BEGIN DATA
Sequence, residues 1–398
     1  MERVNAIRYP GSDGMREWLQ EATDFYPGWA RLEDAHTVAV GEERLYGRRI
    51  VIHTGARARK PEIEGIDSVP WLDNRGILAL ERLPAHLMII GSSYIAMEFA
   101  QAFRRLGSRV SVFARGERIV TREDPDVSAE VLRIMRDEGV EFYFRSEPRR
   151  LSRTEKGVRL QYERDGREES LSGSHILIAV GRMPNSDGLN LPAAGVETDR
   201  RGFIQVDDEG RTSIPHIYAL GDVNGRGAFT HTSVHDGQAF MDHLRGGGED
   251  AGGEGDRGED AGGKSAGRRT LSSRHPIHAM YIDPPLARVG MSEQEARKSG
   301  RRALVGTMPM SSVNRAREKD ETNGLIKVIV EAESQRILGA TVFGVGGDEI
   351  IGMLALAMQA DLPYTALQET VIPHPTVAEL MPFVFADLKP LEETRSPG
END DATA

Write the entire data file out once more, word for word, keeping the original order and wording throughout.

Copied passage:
Sequence, residues 1–398
     1  MERVNAIRYP GSDGMREWLQ EATDFYPGWA RLEDAHTVAV GEERLYGRRI
    51  VIHTGARARK PEIEGIDSVP WLDNRGILAL ERLPAHLMII GSSYIAMEFA
   101  QAFRRLGSRV SVFARGERIV TREDPDVSAE VLRIMRDEGV EFYFRSEPRR
   151  LSRTEKGVRL QYERDGREES LSGSHILIAV GRMPNSDGLN LPAAGVETDR
   201  RGFIQVDDEG RTSIPHIYAL GDVNGRGAFT HTSVHDGQAF MDHLRGGGED
   251  AGGEGDRGED AGGKSAGRRT LSSRHPIHAM YIDPPLARVG MSEQEARKSG
   301  RRALVGTMPM SSVNRAREKD ETNGLIKVIV EAESQRILGA TVFGVGGDEI
   351  IGMLALAMQA DLPYTALQET VIPHPTVAEL MPFVFADLKP LEETRSPG